Teachers/teaching

Assistants

650

Year 6 residential  visit (June 2018)

HT

650

Educational visits

HT

1000

HLTA interventions – peer mentoring

HLTA

4250

Attendance at PE events and competitions

PE leader

1000

Attendance at breakfast and after school club

HT

900

Free lunches for nursery children

 

300

TOTAL

 

£45,424

 IMPACT OF OUR INTERVENTION PROGRAMMES

Foundation Stage

FOUNDATION STAGE 2015/16

GLD

% GLD

Number of children

18

14/18

77.8%

Number of pupil premium

5

1/5

20%

FOUNDATION STAGE 2016/17

 

GLD

%GLD

Number of children

26

1/26

57%

Number of pupil premium

1

0/1

0% (1 pupil)

 Year 1 Phonics

2015-2016

Number achieving

% achieving

Number of children

29

27/29

93.1%

Number of pupil premium

6

5/6

83.3%

2016-2017

Number

achieving

% achieving

Number of children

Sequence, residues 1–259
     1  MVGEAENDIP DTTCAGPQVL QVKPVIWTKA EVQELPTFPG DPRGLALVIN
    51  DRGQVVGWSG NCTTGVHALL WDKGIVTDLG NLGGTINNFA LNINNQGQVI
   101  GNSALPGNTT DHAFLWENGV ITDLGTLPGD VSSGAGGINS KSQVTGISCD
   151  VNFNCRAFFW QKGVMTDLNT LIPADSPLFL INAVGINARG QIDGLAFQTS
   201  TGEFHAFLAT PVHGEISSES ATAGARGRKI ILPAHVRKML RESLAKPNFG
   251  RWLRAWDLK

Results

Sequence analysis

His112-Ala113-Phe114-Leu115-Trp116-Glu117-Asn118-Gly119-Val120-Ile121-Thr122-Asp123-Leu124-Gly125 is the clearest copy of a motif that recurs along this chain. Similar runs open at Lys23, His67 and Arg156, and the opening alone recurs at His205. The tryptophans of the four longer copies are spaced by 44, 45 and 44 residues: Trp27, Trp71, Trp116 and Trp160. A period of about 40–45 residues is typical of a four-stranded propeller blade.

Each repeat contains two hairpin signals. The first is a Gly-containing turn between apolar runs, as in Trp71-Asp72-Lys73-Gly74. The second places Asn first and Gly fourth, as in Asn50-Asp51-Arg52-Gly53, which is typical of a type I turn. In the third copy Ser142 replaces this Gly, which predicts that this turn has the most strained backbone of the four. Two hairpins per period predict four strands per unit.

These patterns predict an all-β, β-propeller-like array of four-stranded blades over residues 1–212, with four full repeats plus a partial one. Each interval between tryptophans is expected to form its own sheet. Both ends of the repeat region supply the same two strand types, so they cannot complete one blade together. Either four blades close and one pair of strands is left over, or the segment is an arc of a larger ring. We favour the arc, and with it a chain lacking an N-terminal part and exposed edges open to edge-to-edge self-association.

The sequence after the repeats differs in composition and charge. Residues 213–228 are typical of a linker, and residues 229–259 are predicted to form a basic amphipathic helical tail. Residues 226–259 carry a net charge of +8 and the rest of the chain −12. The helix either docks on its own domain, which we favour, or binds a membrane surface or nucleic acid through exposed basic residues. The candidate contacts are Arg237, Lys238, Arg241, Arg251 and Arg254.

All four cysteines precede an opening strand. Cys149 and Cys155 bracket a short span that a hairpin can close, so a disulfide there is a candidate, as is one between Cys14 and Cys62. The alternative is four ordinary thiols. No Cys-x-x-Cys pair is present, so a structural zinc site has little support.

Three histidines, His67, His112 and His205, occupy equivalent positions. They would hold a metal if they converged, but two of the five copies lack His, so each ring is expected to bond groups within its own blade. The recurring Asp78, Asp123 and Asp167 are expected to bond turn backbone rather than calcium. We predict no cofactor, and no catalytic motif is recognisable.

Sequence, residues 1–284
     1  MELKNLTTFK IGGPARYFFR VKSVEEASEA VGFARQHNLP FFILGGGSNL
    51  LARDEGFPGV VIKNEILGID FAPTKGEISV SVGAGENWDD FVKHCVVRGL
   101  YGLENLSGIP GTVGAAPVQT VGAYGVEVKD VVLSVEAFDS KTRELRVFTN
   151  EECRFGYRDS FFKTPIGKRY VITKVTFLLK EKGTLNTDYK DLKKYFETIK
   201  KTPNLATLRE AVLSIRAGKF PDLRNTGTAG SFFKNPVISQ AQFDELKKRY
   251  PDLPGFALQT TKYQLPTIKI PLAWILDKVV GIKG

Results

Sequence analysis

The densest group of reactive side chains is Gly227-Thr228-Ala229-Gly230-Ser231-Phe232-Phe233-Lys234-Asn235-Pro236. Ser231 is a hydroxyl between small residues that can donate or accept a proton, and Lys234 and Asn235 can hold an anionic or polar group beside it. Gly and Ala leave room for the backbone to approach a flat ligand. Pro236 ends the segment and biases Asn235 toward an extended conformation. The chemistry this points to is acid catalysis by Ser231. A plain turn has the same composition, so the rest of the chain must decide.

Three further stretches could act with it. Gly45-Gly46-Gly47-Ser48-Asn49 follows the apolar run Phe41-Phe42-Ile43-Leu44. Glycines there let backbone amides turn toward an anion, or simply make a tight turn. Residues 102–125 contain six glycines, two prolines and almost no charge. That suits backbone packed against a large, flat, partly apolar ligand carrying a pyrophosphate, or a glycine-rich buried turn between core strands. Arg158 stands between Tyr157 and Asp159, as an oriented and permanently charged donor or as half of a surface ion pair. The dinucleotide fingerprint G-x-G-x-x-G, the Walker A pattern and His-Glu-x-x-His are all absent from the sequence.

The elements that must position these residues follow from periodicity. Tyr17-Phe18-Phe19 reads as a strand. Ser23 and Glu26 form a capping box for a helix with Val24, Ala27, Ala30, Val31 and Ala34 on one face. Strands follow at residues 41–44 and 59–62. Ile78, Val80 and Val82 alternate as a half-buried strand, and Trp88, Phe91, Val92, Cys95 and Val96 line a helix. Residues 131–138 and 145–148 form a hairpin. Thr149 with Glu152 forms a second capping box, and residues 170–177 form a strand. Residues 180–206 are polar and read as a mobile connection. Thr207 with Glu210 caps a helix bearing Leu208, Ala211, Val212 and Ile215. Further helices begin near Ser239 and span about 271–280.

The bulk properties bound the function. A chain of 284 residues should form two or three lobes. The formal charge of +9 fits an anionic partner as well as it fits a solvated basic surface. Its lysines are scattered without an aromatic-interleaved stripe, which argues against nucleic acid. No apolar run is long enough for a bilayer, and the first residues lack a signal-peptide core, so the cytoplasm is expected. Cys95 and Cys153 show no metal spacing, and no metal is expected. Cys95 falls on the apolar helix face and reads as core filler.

16

15

94%

Number of pupil premium

4

3/4

75%

 Key Stage 1 results, Year 2

June 2016

SCHOOL

(28 CHILDREN)

NATIONAL

PUPIL PREMIUM 

(8 CHILDREN)

NATIONAL

Reading

% expected standard +

71.4

74.0

25.0

61.5

 

For 3/8 of PP children, progress was expected.

1/8 made better than expected progress.

Writing

% expected standard +

57.1

65.5

0.0

51.6

 

For 2/8 of PP children, progress was expected.

Maths

% expected standard +

75.0

72.6

37.5

59.5

 

For 5/8 of PP children, progress was expected.

Reading

% greater depth

17.9

23.6

0.0

13.3

Writing

% greater depth

10.7

13.3

0.0

6.5

Maths

% greater depth

14.3

17.8

0.0

9.6

June 2017

SCHOOL

(28

CHILDREN)

NATIONAL

PUPIL PREMIUM 

(5 CHILDREN)

NATIONAL

Reading

% expected standard +

71%

75.5%

60% (60% made good or better progress)

 

Writing

% expected standard +

64%

68.2%

40% (80% made good or better progress)

 

Maths

% expected standard +

68%

75.1%

60% (60% made good or better progress)

 

  Key Stage 2 results, Year 6

June 2016

SCHOOL

(23 CHILDREN)

Progress from KS 1 to KS 2

NATIONAL

PUPIL PREMIUM 

(7 CHILDREN)

NATIONAL

Reading

% expected standard +

60.9

0.3

65.6

20.0

52.4